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R&D incentives pivotal for sector growth

Photo by Paulo Jorge Photograpy
DUANE NEWMAN Cova Advisory joint managing director and co-founder is a respected sustainability strategy and business consultant, with an expertise in grants, incentives and tax in the green economy

The direct correlation between successful economies and their investment into research and development (R&D), is the reason consultancy firm Cova Advisory joint MD Duane Newman says it is important for the local manufacturing sector and government continue to engage in the R&D incentives made available by government.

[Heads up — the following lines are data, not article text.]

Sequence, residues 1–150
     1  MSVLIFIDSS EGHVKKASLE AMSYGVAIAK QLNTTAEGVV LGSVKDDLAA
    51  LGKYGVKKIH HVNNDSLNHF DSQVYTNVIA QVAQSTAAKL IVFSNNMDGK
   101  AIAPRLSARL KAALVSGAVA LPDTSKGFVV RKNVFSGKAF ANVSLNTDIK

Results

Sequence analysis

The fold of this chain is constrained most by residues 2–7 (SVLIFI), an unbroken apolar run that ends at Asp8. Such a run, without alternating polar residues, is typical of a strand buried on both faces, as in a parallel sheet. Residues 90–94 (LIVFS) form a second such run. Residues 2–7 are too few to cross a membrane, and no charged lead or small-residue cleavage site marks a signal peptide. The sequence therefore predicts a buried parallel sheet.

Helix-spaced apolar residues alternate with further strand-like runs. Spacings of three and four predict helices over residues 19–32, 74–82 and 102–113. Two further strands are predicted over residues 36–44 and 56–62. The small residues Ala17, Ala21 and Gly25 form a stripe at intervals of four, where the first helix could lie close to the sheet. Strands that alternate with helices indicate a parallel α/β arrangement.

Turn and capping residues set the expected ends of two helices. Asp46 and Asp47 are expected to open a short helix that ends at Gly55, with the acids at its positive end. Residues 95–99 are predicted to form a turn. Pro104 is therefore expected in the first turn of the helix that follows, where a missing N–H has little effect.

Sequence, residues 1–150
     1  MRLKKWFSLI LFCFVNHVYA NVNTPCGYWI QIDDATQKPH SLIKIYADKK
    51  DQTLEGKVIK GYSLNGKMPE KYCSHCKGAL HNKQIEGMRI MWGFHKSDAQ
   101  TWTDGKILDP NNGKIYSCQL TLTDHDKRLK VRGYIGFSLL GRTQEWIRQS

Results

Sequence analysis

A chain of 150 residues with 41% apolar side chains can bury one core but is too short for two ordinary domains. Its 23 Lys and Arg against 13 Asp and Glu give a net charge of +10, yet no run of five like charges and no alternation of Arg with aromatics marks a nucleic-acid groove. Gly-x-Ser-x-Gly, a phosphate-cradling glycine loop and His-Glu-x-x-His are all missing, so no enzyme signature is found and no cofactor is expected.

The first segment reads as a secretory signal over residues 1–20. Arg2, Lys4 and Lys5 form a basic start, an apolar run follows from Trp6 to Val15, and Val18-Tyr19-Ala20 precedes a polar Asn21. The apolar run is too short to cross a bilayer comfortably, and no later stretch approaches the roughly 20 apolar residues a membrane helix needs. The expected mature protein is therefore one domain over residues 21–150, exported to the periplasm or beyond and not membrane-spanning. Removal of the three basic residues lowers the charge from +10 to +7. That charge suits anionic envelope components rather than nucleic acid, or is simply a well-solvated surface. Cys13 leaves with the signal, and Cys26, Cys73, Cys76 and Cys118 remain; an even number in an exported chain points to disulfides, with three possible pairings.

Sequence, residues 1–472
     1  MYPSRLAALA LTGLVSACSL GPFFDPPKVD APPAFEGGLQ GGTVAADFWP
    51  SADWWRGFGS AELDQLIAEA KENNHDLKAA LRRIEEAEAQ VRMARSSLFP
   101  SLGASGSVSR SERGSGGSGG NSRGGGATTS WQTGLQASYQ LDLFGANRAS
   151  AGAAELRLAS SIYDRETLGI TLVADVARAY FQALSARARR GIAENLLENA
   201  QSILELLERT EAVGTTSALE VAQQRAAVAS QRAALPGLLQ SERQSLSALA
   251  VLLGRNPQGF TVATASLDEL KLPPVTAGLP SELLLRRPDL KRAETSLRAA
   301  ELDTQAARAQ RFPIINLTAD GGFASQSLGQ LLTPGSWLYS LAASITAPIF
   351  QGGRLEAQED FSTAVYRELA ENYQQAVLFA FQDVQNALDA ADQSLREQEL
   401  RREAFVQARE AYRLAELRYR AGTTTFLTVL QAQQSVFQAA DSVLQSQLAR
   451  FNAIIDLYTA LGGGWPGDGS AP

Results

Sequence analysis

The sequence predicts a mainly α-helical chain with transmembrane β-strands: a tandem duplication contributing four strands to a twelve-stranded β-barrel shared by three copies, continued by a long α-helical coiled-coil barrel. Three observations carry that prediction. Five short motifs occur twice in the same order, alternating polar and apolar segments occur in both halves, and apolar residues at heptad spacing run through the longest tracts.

“There are at least four incentives that various government departments, such as the Department of Trade and Industry (DTI) and the Department of Science and Technology (DST), have made available to industry, which will prove . . . beneficial to the manufacturing sector.”

He mentions that Cova Advisory offers manufacturing companies advisory services on the Section 11D of the Income Tax Act, Support Programme for Industrial Innovation (SPII), Technology for Human Resource Industry Programme (THRIP) and the Technology Innovation Agency (TIA) incentives.

“The programmes deal directly with ways to improve investment in R&D in South Africa, which, in turn, help the country’s manufacturing sector grow and advance, as a result of the introduction of new products and processes,” adds Cova Advisory joint MD Tumelo Chipfupa.

Section 11D